Summary

The Ribelle Mountain Tech would be a fantastic boot for anyone who enjoys summer srambling, but even more so for winter and alpine mountaineers. They will be of particular interest to individuals who are counting the grams for lightweight Scottish winter or summer Alpine days. Their performance on both rock and winter ground, combined with overall walking comfort, makes them perfect for moving light and fast over semi technical terrain. The fit of the Ribelle is closer and more shoe-like than traditional winter footwear, and there is a slight flex in the sole and far less support for the ankle than you would find in more familiar mountaineering boots. This however is one of the reasons the boot is good for covering ground fast in. It feels somewhat like a trainer, but with a semi rigid sole that can take a crampon - an odd combination, but one that makes sense within its niche. It's the only winter boot I've worn where running is justifiable throughout the day!

The general construction of the boot is excellent and the materials have stood up to wear well so far. Although the Ribelle Mountain Tech can be looked at as a pretty specialist bit of kit it's also something that a normal winter walker or occasional low-grade summer alpine climber would appreciate too, and for that reason I think the rather high £390 price tag is in fact reasonable, since you could end up using this boot on a wide variety of days.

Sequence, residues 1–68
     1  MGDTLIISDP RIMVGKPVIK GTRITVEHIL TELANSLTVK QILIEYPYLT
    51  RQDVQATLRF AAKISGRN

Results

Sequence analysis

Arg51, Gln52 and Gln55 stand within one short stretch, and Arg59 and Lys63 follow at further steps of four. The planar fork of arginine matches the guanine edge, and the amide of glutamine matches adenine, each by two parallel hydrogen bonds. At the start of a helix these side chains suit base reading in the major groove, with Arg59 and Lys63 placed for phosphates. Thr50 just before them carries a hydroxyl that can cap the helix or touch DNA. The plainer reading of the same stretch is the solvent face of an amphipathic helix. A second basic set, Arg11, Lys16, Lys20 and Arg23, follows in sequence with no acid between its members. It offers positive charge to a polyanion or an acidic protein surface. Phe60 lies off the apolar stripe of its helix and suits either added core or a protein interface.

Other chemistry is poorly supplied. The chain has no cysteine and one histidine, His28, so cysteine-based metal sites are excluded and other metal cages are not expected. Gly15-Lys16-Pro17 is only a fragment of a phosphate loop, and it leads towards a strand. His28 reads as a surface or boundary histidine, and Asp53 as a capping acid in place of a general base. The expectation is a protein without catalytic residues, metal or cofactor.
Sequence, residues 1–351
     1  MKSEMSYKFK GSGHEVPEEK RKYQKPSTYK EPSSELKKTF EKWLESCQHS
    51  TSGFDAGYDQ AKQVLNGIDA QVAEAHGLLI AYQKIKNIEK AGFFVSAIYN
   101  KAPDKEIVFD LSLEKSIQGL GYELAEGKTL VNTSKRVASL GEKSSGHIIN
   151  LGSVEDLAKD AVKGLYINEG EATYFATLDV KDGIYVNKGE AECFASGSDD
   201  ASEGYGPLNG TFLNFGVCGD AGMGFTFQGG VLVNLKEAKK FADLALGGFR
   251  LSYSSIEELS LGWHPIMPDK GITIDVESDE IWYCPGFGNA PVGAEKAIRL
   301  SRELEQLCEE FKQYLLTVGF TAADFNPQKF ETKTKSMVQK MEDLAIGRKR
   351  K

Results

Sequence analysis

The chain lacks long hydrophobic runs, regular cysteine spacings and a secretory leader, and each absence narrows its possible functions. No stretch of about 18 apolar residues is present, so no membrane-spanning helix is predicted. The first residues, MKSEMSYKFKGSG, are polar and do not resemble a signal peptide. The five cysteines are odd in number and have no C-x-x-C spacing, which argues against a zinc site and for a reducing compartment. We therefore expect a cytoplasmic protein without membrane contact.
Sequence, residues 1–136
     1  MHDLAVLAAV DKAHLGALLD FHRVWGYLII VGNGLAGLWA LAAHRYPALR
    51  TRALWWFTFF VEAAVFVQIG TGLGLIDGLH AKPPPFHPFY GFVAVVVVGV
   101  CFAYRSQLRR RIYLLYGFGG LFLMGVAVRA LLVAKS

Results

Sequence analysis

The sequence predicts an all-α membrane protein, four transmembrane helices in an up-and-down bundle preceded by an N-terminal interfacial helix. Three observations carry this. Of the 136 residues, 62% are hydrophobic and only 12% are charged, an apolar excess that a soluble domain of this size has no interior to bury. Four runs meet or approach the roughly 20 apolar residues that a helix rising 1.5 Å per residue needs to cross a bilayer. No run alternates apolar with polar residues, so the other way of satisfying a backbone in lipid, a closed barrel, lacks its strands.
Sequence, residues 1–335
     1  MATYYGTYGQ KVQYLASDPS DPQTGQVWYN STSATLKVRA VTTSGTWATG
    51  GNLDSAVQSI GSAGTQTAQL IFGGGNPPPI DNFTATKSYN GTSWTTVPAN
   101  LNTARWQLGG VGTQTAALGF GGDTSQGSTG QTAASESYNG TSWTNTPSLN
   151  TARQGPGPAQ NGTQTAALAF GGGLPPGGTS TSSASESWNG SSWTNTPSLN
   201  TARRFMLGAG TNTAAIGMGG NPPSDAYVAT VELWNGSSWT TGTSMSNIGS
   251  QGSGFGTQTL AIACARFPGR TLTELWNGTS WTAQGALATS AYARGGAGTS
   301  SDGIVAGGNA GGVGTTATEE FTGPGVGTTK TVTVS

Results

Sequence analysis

Scarpa say:

Extremely light and comfortable thanks to the exclusive Sock-Fit Plus construction system the Ribelle Tech OD performs on all terrains thanks to innovative technologies and materials. This boot represents the step forward in the mentality of mountaineers and alpinists. With outstanding comfort for daily hard trekking, the Ribelle also gives great sensation and performance on via ferrata, and alpine style ascents and technical mountaineering routes. The combined lightness, agility, stability and grip make the Ribelle the right choice for alpine guides, mountain professionals and expert alpinists.

  • Price: £390
  • Weight: 1164g/pair size 42 (Scarpa say 1220g)
  • Sizes: 39-46 (men)
  • Crampon Rating: B2
  • Sole: Vibram Pentax Precision III
  • Last: ARG
  • Upper: KCN TECH Fabric
  • Lining: Outdry®
  • Insole: Activ Plus

For more info see scarpa.co.uk

Ribelle Mtn Tech prod shot, 74 kb